TOS Blog Update: Paul Ryan, Abortion, Atheism, Poker, Phonak

Here I link to my recent blog entries for The Objective Standard. See my TOS category for a complete listing of my work for TOS.

August 19, 2012
Hold Paul Ryan to His Word

August 21, 2012
Todd Akin and the GOP’s Abortion Problem

August 24, 2012
Rand Supported Legal Abortion and Other Rights, Burns Notes

August 25, 2012
Atheism Rises in U.S.—But What About Reason?

August 26, 2012
Life Lessons of Poker

August 27, 2012
Phonak Brings Mozart to Once-Deaf Man

TOS Blog Update: Paul Ryan, Free-Market Liberalism, Rob Lowe

Here I catalog my recent blog entries for The Objective Standard. See my TOS category for a complete listing of my work for TOS.

August 11, 2012
Why I’m a Free-Market Liberal

August 12, 2012
Paul Ryan Rejects Ayn Rand’s Ideas—In Word and Deed

April 14, 2012
Nonlinear Ideas: Apps for a Linear Life

August 15, 2012
Rob Lowe Admirably Defends Ayn Rand’s Atlas Shrugged

Mental Illness and Violence

Clearly, some individuals are prone to committing acts of violence, whereas other individuals (in modern civilizations, the overwhelming majority of individuals) are not.

I see three important conditions that can predispose a person to committing an act of violence: mental illness, psychopathy, and dangerous ideology. (A fourth condition, while more important, is fairly obvious: some people, through mental habit and irresponsible choices, turn themselves into criminals.)

Mental Illness

The mentally ill person suffers paranoid delusions, hears demonic “voices” or the like, etc.

We know, for example, that the Aurora murderer was seeing a psychiatrist, and she was so disturbed by his behavior that she contacted the police “several weeks” prior to his murderous rampage. (Please note that mental illness does not automatically negate moral and legal culpability.)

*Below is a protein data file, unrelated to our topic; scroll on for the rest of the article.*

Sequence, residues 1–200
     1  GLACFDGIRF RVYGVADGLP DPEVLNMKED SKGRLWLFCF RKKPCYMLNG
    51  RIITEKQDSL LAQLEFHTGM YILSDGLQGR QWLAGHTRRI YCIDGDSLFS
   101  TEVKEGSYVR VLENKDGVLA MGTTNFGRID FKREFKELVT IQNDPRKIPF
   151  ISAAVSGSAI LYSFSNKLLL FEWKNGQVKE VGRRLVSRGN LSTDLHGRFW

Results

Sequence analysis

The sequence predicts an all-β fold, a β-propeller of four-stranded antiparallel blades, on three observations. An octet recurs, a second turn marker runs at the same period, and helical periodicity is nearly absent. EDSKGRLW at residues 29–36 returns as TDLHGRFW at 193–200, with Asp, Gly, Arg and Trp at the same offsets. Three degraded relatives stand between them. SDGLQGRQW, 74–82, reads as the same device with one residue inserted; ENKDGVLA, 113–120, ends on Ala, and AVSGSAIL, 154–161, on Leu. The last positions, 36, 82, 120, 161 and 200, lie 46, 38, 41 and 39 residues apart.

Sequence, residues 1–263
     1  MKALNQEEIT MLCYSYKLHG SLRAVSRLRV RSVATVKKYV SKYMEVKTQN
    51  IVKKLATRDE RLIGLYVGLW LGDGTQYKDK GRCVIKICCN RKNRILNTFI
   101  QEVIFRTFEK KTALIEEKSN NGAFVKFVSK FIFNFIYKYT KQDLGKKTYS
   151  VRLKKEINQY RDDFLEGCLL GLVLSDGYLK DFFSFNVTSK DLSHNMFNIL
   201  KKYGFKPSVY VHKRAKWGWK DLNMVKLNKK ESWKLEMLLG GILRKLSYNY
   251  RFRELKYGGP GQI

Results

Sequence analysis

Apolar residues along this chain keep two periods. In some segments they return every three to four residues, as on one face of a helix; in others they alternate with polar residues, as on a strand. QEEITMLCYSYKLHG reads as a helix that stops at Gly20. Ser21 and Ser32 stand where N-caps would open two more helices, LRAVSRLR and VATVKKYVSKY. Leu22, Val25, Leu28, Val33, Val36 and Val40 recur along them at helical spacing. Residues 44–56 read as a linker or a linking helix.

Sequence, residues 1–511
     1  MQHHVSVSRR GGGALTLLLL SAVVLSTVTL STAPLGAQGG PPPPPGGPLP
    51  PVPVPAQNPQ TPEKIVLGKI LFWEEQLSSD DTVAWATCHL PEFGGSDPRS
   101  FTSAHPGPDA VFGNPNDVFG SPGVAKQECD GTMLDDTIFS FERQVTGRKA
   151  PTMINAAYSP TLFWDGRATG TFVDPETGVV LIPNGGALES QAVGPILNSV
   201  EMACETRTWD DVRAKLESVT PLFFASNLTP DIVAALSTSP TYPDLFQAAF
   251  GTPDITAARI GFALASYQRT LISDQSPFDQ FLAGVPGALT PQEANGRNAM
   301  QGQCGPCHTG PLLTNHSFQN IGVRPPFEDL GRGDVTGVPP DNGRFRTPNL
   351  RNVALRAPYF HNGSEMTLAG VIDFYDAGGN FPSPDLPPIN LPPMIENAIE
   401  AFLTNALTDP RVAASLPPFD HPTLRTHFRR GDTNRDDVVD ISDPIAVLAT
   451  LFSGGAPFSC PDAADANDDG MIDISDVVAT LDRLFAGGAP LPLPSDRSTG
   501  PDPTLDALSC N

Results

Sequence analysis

Regarding the recent murders near Texas A&M, the murderer’s mother regarded her son as seriously mentally ill.

A psychological report about the Tucson murderer notes his mental illness.

Apparently, the mentally are are not getting the help they need.

Last year, the Denver Post published an article titled, “Mental health services in a fragile state in Colorado.”

Following the Aurora murders, the Denver Post published the following comments by Clayton Cramer:

In most states in 1960, involuntary commitment required only a preponderance of evidence that a mentally ill person would benefit from treatment. If you were exhibiting evidence of mental illness, there was a good chance that you would be hospitalized, perhaps for a few months, perhaps longer.

The primary reason was for your own safety, but a side effect was that the society as a whole was safer.

As stricter due-process standards for commitment became public policy in the 1970s, state mental hospitals first emptied, then closed. (We now have as many mental hospital beds in this country per capita as we did in 1850 — and we did not have enough then.)

Murder rates rose. Random acts of mass murder, usually committed by people with mental illness histories (and not always with guns) became depressingly common. . . .

There were hundreds of lesser-known mass murders. Over the last 40 years, there have also been tens of thousands of almost unknown individual murders committed by the deinstitutionalized mentally ill.